By |2019-05-14T18:19:42-07:00May 14th, 2019|Sustainable Landscape Management, Training and Education, Trees|

Daisy flowers under magnifying glass

University of California Agriculture and Natural Resources is hosting the IPM Training for Landscape Professionals on May 23, 2019. Location is the
Scottish Rite Event Center 1895 Camino del Rio South, San Diego, CA 92108.

Topics of interest for pest management in the landscape setting and CEU’s available. I’ll be speaking on the topic of Diagnosing Landscape Plant Problems, and highlighting the steps and resources useful for an accurate diagnosis.

For information, agenda and registration visit their webpage at: http://cesandiego.ucanr.edu/?calitem=443278&g=98691

Tree Planting

By |2019-06-06T11:09:31-07:00April 30th, 2019|Trees|

Maple tree leaves

When conducting landscape inspections, I commonly see all of these offending practices in regards to trees….poor quality nursery stock, planted too deeply, soil is amended instead of proper species selection, holes dug too large, tree “snorkels” installed, staked improperly and left on too long, hardscape and infrastructure interference, root barriers, the list goes on. None of this has a basis in horticulture or promotes healthy tree establishment and growth. Let’s stop this and promote quality in the landscape so these site assets reach all of their potential for decades to come.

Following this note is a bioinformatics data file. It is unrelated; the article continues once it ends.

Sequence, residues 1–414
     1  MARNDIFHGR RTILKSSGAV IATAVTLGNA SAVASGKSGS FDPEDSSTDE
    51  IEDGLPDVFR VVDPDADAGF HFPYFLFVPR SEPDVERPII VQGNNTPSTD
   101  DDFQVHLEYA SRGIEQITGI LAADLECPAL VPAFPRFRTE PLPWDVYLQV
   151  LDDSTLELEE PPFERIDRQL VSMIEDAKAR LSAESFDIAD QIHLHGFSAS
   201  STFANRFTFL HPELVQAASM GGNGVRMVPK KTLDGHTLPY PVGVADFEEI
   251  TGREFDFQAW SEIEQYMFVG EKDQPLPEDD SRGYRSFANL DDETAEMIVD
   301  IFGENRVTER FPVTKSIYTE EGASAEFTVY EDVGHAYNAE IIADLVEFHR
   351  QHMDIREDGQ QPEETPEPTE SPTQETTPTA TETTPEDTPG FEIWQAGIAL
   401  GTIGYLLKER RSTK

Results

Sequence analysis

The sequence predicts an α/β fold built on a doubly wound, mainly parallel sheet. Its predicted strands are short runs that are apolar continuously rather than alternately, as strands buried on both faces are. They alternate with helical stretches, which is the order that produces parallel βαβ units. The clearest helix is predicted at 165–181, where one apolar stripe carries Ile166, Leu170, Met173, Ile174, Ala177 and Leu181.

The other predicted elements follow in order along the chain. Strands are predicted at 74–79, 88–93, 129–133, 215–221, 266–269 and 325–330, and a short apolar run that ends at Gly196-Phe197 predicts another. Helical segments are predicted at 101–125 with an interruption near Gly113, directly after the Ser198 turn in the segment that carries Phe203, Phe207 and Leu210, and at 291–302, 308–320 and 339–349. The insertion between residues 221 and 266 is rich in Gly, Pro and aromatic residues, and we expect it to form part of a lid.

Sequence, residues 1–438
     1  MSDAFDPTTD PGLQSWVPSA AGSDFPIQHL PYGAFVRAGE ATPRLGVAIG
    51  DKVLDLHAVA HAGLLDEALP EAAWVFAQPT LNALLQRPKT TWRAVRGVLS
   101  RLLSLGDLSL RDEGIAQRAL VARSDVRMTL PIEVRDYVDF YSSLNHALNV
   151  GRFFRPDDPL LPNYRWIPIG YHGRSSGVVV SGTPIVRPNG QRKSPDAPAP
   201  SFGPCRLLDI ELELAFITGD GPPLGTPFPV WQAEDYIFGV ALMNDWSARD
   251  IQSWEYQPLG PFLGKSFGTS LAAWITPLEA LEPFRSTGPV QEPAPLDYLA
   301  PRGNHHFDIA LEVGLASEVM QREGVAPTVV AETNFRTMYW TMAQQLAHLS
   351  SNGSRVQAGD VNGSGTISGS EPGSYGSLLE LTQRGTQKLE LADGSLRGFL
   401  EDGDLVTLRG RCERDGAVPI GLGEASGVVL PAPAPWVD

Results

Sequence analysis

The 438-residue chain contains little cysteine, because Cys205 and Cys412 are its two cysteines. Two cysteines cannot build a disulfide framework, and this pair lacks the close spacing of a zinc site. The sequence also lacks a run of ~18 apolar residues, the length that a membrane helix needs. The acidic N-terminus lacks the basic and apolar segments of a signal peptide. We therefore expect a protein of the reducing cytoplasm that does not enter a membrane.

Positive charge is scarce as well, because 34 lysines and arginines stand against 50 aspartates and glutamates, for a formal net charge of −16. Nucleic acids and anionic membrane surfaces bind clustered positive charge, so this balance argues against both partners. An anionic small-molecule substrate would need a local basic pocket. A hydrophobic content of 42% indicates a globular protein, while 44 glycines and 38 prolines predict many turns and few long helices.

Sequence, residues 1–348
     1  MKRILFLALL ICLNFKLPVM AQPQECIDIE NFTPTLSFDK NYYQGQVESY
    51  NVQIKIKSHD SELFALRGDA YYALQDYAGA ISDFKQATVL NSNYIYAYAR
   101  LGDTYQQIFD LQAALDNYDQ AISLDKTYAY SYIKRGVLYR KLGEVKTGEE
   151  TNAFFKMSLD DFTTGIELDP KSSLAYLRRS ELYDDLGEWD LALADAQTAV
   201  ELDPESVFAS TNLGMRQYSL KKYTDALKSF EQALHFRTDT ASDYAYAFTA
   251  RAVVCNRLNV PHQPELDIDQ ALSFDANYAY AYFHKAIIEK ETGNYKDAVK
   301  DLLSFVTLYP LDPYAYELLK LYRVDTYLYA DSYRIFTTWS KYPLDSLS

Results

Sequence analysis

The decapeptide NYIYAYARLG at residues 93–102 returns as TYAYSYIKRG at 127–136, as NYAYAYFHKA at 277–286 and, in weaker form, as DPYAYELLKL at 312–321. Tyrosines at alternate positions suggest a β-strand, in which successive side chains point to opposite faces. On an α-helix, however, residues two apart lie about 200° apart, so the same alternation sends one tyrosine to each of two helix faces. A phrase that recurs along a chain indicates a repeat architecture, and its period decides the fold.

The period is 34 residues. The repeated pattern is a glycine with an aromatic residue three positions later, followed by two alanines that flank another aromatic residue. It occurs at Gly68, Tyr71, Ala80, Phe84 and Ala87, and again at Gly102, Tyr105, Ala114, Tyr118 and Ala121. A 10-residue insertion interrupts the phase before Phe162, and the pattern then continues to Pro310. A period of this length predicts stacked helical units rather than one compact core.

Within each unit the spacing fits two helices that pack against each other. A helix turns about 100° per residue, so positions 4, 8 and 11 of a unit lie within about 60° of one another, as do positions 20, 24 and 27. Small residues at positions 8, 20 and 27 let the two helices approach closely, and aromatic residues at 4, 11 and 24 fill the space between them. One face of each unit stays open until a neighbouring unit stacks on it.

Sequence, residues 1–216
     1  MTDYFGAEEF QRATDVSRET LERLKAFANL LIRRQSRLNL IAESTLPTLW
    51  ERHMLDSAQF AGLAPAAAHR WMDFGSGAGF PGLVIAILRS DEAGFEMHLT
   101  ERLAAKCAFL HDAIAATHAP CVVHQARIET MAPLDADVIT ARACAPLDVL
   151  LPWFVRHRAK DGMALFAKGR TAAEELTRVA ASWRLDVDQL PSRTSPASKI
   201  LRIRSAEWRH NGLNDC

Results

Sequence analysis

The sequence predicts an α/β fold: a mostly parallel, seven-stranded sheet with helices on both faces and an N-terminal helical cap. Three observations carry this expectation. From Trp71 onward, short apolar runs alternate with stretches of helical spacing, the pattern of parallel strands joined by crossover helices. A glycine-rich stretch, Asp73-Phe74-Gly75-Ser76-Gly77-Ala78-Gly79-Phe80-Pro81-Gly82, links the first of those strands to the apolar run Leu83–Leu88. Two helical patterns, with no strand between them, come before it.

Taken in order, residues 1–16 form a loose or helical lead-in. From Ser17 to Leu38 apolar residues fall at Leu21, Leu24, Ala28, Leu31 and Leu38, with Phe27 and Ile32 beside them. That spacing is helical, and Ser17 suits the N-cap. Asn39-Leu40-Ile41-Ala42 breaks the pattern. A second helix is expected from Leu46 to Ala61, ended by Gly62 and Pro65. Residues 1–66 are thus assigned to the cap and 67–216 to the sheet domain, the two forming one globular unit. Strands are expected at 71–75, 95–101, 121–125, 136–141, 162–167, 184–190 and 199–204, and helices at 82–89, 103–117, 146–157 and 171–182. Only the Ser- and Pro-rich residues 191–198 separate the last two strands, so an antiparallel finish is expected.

This blog post was written by Jim Downer, and can be found at http://gardenprofessors.com/problems-with-planting-trees/

Problems with Planting Tree

Ok. I admit this blog is going to turn into a rant pretty quick because there seems to be a lot of ways to screw up a fairly simple horticultural practice—tree planting.  Since Arbor days are happening/happened everywhere around now, its a good time to talk about how to plant trees.   First let me state some simple and useful guidelines for a successful tree planting.

-When at all possible, plant trees bare-root. Even washing the container media away. This allows for inspection and removal of root defects.
-Select trees carefully that are free of defect and disease and that are adapted to your climate and soils
-Plant the youngest tree you can
-Take care in choosing the planting site.
-Avoid Root Barriers
-Plant trees so that the root flare is above ground slightly
-Plant trees in a hole only deep enough to contain the root system, no double digging.
-Plant trees in a hole wide enough to contain the root system, no wide holes (unless there is a reason for using one)
-Fill the hole with soil removed to make it. Do not amend the backfill around newly planted trees—Do not put rocks in the bottom of a planting hole!
-Plant trees without staking unless there is a reason to stake them
-Plant trees away from turfgrass or other groundcovers.
-Plant trees under the cover of a fresh layer of arborist chips.

-Irrigate newly planted trees from the surface—Do not install U tubes or tree snorkels to irrigate deeply.

An old planting detail from “a book of trees” . Several myths here: rocks at the bottom of the hole, amended hole, nursery stake still there when it does not need to be, etc.

I guess this rant comes from the variety of tree planting specifications I have seen over the years used by municipalities, landscape architects, nurseries and others. There seems to be a need to use the latest product, method or modification to site soils in order to make a fancy planting detail. Simpler is better and research by Universities has not verified most of the “innovative” approaches seen in planting details.